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What's wrong with JSF navigation

marwen Bakkar
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Joined: Jan 28, 2010
Posts: 84
I wanted to see how JSF works so I grabbed a book which I'm now reading. I was struck by something regarding the so called navigation model:

In plain HTML as everybody knows it, the action attribute of a form's submit button points to the resource that the form data will be posted to; it's this resource that contains the form handling logic.

In JSF however, the commandButton action attribute contains an "outcome" that indicates the page that should be displayed next, which means the form is implicitly posted to itself and then a server-side forwarding gives control to the target resource, which in this case doesn't contain form-handling logic.

Isn't this a violation of the "don't make me think" principle?
Tim Holloway
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Joined: Jun 25, 2001
Posts: 15661
    
  15

I never thought about it.

Seriously, however, one of the primary characteristics of JSF is that there shouldn't be any form-handling logic. JSF is a Model/View/Controller architecture. The HTML form is handled by JSF's controllers, and unlike most other MVC systems, you don't (usually) code controllers in JSF, since the controllers are pre-supplied as part of the framework. Hence, you only have to design and implement Model (backing bean) and View template (.xhtml).

The proper technical term for form-handling in JSF is "postback". Since JSF is designed to enforce that all data in a form is valid before it may be used to update the Model or invoke the Action method, JSF will repeatedly post the same form until all validations are satisfied. Then - and only then, the Model will be updated, the action method (and/or action listeners) will fire, and the action will indicate to JSF what View to navigate to next.

In JSF1, the Action would return an abstract rule name. Which, being the unthinking person I am, I usually named something like "success", "failure", "unauthorized" or whatever. JSF2 allows you to alternatively explicitly designate a target View ID. A lot of people like that because it's less coding, although also less abstract, hence, less conducive to code re-use.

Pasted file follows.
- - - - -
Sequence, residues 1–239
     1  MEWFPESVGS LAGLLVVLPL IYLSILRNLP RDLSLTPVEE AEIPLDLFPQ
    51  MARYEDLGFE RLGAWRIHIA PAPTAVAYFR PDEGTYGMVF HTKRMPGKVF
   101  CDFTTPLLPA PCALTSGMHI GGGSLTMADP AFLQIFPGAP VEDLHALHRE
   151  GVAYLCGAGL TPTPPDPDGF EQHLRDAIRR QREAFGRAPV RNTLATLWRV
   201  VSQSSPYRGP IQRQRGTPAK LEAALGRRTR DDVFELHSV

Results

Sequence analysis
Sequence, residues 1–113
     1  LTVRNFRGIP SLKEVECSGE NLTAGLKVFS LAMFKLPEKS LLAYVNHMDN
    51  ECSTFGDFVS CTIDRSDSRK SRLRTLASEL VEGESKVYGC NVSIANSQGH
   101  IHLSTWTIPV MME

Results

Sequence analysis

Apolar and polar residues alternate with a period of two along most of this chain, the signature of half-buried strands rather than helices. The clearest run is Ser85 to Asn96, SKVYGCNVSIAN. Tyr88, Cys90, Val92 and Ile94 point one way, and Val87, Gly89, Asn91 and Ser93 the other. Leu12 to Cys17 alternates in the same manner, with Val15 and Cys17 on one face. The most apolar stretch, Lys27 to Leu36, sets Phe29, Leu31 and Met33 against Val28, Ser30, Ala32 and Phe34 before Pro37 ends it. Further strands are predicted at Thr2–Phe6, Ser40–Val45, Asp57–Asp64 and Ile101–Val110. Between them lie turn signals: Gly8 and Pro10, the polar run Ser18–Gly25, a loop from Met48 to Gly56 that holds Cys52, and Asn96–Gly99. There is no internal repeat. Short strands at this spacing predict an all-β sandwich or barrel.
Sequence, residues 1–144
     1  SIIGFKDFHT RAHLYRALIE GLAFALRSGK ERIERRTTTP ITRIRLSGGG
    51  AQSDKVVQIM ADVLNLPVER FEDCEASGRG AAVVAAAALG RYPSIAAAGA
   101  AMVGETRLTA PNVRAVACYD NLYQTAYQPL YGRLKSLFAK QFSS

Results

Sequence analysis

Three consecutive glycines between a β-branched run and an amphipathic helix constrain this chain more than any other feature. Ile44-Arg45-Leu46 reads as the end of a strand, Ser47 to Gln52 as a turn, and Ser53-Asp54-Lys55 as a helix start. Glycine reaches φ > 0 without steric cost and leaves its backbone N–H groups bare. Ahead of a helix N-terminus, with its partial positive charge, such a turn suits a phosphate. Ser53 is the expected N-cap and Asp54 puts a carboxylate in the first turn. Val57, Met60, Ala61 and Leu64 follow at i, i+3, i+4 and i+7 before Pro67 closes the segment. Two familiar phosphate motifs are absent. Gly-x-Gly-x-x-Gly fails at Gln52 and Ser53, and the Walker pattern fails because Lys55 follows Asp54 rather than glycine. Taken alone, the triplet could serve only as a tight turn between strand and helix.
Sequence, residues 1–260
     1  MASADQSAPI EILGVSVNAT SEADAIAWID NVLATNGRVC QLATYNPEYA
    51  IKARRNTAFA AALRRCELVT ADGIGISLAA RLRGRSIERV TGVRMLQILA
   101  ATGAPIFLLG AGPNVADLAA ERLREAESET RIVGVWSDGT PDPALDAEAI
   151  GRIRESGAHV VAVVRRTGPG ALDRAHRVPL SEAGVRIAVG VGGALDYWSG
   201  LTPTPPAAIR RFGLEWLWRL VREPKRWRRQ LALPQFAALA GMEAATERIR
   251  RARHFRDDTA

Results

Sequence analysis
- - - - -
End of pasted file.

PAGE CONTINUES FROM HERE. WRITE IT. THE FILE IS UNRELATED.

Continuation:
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marwen Bakkar
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Joined: Jan 28, 2010
Posts: 84
Tim Holloway wrote:I never thought about it.

The proper technical term for form-handling in JSF is "postback". Since JSF is designed to enforce that all data in a form is valid before it may be used to update the Model or invoke the Action method, JSF will repeatedly post the same form until all validations are satisfied. Then - and only then, the Model will be updated, the action method (and/or action listeners) will fire, and the action will indicate to JSF what View to navigate to next..


Exactly. The action attribute in HTML means the target resource. The action attribute in JSF means the target resource after the form has been implicitly posted back to itself. That's what I felt was wrong, especially because neither the official tutorial nor the book I am reading (jsf, the complete reference) came clear about it, while that's what every web developer is used to. They didn't introduce the elephant in the room.

Thanks for the explanations!
 
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subject: What's wrong with JSF navigation
 
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